Beyond: Two Souls Reviews
Beyond: Two Souls is an interactive drama action-adventure with painfully inept writing. Ellen Page's top-notch acting can only carry it so far until it falls apart in a terminally inane climax.
The visuals still impress, but for a game obsessed with storytelling at all costs the dopey plot and underwritten characters in no way make up for the lack of gameplay.
If you’re a fan of Beyond: Two Souls and want to revisit its world, this is easily the best way to do it. The visuals look superb and the new additions are welcome. However, age hasn’t been kind to Beyond: Two Souls’ story. Without the innovative glean that made this game so unique, Beyond is a poorly written experience that lacks player engrossment. It feels like David Cage’s attempt at directing a movie and, sadly, a tacky one at that.
A heavily uneven story, with generally fine performances, and a perfectly serviceable set of mechanics to go with some pretty damn fine visuals. Beyond is often meandering and lunk-headed, but it has moments of magic that make it an enjoyable enough way to spend a few hours if you can persevere through its failings.
Beyond: Two Souls starts off incredibly well. Realistic visuals, great voice acting and a plot that really sinks a hook into you. Unfortunately, the story takes various tangents that constantly distract from the main plot. Even the tangents have tangents. By the end of the game the story has gotten so convoluted that you can barely make sense of what any of this stuff had to do with the supernatural stuff. Even if you enjoy the tangents, the controls are really difficult to work with. For a game that is based on the ability to make decisions, the controls take a lot of this away from you.
Whether choosing to play it in random or chronological order, neither of these options make it a compelling story.
The original Beyond: Two Souls was an interactive drama with a severely inconsistent level of quality when it came to gameplay and storytelling, and completely consistent when it came to its stunning audio-visuals. This new version, is still an interactive drama with a severely inconsistent level of quality when it comes to gameplay and storytelling, and even better in regards to how it looks and sounds. Any reason to try it out now? Only if you haven't done so before, as the remaster is a bit of a poor one to warrant a second purchase.
Everything adds up to what could have been.
Overall, for gamers who are thirsty for an experience that focuses on the story it is telling, Beyond: Two Souls has a tale worthy of your time. On the other hand, if you are someone who is looking for challenging a gameplay experience, all you'll find is a very basic set of gameplay mechanics that leave a lot to be desired.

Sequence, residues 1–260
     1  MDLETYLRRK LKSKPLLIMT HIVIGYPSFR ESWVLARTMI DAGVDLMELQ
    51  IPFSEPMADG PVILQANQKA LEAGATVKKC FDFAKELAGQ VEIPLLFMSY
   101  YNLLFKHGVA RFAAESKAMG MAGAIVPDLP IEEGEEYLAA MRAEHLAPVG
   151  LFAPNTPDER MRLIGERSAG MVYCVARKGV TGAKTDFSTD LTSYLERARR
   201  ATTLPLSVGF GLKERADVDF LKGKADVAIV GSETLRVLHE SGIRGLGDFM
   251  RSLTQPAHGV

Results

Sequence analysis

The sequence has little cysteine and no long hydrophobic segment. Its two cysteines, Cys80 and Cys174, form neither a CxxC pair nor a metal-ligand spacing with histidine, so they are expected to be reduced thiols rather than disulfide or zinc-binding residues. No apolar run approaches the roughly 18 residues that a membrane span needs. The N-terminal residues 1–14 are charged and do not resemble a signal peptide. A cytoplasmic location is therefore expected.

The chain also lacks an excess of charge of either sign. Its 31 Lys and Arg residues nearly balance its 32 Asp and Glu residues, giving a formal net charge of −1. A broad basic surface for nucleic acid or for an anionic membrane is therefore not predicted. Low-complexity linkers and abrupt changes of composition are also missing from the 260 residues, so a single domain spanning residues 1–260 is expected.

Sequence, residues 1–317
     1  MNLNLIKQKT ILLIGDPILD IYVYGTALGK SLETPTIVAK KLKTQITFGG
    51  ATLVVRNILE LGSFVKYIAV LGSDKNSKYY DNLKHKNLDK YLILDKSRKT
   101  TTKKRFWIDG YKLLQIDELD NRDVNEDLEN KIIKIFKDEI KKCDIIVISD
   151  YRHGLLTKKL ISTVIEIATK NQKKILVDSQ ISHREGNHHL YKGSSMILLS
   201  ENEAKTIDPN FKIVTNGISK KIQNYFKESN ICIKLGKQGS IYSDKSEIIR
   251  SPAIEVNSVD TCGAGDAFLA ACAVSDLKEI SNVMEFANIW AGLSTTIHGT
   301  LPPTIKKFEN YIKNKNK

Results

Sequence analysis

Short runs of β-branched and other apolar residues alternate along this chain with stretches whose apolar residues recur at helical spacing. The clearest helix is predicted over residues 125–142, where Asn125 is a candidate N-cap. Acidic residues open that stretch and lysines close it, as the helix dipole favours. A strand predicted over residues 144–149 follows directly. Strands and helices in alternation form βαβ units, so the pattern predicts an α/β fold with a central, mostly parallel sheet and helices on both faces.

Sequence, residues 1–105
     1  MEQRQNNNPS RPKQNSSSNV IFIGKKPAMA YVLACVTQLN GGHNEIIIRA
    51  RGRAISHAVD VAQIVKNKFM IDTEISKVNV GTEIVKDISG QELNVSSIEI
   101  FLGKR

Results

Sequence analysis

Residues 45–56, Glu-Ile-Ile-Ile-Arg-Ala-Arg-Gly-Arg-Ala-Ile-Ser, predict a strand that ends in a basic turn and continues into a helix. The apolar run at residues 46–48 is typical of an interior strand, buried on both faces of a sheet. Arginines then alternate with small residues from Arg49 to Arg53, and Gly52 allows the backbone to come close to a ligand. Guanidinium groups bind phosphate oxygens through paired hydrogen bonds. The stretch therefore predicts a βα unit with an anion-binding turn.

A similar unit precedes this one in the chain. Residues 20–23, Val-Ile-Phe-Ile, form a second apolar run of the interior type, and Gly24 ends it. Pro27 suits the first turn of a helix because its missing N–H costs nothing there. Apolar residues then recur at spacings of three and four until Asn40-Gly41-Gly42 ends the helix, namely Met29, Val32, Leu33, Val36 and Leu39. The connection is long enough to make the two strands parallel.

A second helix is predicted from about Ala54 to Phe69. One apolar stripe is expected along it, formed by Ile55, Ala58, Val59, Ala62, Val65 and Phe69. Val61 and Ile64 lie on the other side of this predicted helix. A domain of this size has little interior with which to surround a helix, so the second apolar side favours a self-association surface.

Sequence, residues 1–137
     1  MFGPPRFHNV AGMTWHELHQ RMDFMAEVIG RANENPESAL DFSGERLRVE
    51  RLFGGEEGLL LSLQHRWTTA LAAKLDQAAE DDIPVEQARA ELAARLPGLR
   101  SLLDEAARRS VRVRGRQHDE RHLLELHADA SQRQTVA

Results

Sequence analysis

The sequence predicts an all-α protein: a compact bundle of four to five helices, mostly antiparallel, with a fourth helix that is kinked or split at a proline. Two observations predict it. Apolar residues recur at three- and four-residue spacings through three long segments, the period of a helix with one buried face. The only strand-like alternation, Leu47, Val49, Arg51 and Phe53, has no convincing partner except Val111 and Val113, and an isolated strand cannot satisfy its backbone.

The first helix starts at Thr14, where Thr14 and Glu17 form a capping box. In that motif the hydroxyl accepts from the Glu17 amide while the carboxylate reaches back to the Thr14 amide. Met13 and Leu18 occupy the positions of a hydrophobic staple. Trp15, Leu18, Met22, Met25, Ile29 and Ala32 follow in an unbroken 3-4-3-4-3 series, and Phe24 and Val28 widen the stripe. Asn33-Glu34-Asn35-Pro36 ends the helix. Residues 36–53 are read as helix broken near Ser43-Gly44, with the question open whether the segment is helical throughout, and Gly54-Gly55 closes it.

Beyond: Two Souls comes to PC, but a change of platform does not hide the game's wider issues with its restrictive gameplay and overall narrative.
Beyond: Two Souls is strange game that isn't quite sure what it wants to be. There are moments where the title pushes boundaries and attempts things that most developers wouldn't even care to try, but the plotting is uneven and the more touching sequences are undone by prolonged periods of outright idiocy. Ellen Page is excellent throughout and the presentation is staggering on the PS4 – it's just best to know what you're getting into before venturing headfirst into the Infraworld.
The PC port stands as the definitive way to experience Beyond: Two Souls, boasting a higher frame cap, solid keyboard & mouse controls, and a remix mode. These additions, however, do nothing to remedy the poorly-aged, cliché-ridden script and inconsistent chapters you may remember, but do highlight the game's strong visuals and emphasis on variety.
Heavy Rain is perfect game as a PlayStation 3 classic. And now PC port looks good and works smoothly.
Review in Turkish | Read full review
Despite being a game of ambitious proportions with the visual appeal and an intriguing plot, Beyond: Two Souls falls short of fully living up to the expectations with unintuitive gameplay segments, anti-climatic choices and some poorly developed characters that don't fully relate to players.
Parents do not buy Beyond: Two Souls for your children and youth. It is also not for adults who have strong moral standards and who have any conditions of mental health wellness.
When I finished the game I can happily say I was satisfied with the story and liked how different endings are depending on choices, the game ended up taking me around 10 hours to complete which isn't that long but again I was satisfied with what I got in the end. I also thought the voice and graphics were of high quality. I did have a few problems with the game but I still think that Beyond is worth trying maybe when it drops down in price or give it a rental.
Beyond Two Souls is a mixed game, with many elements of the story amounting to binary choices, some aspects of the narrative being poorly fleshed out and gameplay regularly amounting to choosing whether to be terrible or not. At the same time though, there are enough satisfying moments that provoke empathy for Paige's character and moral quandary to intrigue and entertain those drawn to coming of age stories and tales of the supernatural.
A deft remastering of what was arguably the PS3's technical swansong, Beyond: Two Souls finds new life and an attractive home on PS4, with some extra features thrown in to sweeten the deal.
Beyond: Two Souls would've fared a lot better if it had even more visual detail, other control options and extra content to make it more like a director's cut. As it stands, though, it's a great conversion of a pretty good Quantic Dream development, mind its storytelling issues and quick-time event gameplay.